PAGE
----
J.R.R. Tolkien – Geek of the Week

On the third day of January 1892, the mind behind middle earth was born.  J.R.R. Tolkien is one of the most well-known authors of all time.  He also is a geek.  When you think about it, millions of people celebrate his fantastic tales of pointy-eared elves, dwarves, and halflings.  Today we shine the sonic screwdriver on Tolkien as our renowned Geek of the Week.


John Ronald Reuel Tolkien was born in Bloemfontein, Orange Free State, what is now Bloemfontein, South Africa (yup J.R.R. Tolkien is an African, sort of.)

By the age of four Tolkien could read and write. Like most geeks, he read a lot. He disliked many children’s stories such as  Treasure Island and The Pied Piper. According to his biography, he thought Alice’s Adventures in Wonderland was “amusing but disturbing”. However, he liked stories about Native Americans (representation mattering) and the fantasy works by George MacDonald.

He first started playing with creating languages in his teens.  His cousins started developing Animalic and his affinity for linguistics would prove useful in the future.  He not only was he a codebreaker cryptologist during WWII but he would use his talents to develop all the languages of Middle Earth.

During WWI, he reached the rank of Lieutenant and was involved in the battle of Somme.  Many of Tolkien’s closest friends died in the war, and his experiences would influence his future writing.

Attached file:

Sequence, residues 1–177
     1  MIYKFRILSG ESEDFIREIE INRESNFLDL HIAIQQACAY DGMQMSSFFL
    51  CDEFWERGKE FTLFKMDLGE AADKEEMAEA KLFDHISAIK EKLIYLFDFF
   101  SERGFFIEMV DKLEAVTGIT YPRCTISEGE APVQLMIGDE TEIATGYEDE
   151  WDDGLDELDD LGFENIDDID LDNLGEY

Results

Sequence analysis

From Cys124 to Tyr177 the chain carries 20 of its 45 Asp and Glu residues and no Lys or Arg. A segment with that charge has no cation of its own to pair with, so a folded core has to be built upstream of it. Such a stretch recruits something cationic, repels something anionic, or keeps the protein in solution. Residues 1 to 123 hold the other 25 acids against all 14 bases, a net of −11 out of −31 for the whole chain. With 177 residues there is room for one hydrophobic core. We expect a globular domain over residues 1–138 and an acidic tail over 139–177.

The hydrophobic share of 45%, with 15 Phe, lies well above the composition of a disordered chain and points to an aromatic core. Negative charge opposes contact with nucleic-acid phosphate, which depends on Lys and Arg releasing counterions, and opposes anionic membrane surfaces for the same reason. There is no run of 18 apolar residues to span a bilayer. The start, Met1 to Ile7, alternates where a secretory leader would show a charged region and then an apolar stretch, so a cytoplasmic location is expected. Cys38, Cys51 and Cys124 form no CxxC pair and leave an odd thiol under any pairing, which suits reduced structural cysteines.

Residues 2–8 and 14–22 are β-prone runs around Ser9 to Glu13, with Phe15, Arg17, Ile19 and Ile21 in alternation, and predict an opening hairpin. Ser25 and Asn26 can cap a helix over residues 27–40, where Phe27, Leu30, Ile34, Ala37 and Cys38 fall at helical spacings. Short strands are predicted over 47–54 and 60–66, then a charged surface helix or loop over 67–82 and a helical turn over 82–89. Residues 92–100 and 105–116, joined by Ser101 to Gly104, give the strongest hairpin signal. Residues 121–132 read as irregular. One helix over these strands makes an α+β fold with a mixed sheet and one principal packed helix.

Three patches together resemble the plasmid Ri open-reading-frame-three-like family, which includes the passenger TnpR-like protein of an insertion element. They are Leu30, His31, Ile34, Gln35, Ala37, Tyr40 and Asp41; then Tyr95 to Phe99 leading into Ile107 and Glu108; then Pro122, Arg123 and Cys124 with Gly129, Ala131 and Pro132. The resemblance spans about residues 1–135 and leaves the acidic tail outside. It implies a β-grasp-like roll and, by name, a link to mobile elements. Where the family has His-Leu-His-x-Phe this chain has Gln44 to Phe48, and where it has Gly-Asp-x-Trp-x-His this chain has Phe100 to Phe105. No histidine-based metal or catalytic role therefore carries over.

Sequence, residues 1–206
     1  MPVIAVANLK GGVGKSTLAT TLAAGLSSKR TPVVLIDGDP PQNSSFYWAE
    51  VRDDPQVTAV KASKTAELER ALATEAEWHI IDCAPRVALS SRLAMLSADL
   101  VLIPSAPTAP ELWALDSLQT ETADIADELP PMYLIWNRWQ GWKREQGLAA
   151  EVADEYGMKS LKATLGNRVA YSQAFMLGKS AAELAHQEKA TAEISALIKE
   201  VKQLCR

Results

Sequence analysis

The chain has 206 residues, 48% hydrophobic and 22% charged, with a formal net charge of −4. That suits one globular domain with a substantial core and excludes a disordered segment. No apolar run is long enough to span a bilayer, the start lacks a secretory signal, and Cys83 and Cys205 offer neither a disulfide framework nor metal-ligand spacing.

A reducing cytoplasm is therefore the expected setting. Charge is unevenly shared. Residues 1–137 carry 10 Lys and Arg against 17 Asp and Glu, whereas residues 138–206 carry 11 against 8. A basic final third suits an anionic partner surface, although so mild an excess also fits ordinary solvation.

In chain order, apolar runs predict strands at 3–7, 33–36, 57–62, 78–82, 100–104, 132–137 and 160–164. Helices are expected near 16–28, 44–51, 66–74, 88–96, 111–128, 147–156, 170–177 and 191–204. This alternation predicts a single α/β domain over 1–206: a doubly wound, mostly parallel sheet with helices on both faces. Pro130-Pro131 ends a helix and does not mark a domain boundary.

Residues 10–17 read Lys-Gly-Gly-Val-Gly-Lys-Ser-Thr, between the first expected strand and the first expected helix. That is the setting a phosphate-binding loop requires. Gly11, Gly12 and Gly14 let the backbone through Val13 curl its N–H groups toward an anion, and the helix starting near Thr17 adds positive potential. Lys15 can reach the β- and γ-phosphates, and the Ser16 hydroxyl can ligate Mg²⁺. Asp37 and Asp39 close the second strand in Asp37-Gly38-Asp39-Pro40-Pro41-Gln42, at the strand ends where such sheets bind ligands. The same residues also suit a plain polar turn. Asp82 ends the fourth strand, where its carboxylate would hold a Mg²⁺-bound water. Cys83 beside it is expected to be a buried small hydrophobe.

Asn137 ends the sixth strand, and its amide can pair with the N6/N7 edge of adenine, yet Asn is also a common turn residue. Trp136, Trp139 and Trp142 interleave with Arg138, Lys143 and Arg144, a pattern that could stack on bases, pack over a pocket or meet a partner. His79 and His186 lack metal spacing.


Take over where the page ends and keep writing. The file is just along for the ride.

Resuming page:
Tolkien studied European mythology heavily and it helped lay the groundwork for the world and races he would go on to create.  He wrote the Hobbit and The Lord of the Rings Trilogy, he never expected his books to be very popular. On the contrary, his books were huge successes and greatly shape the fantasy genre even now.  Tolkien’s influence can be seen in anime, comics, cinema, manga, television, and especially video games (the D&D community thanks you Tolkien.)

There are also more general successes for his works. His books are best sellers, classics in literature, and the Hobbit is often a required read in many school systems and curriculums.  The 2000’s Movie adaptations of LOTR are some of the most celebrated movies in cinema and received ridiculous amounts of awards, accolades, and memes (the highest form of millennial flattery).

One Meme to Rule Them All.


Tolkien a Geek who used the written word to turn his passion into our own.

What is your favorite contribution from Tolkien?

What did he influence that is a staple of your Geekdom?

Let us know, in the comments below…

–H00k 0ut

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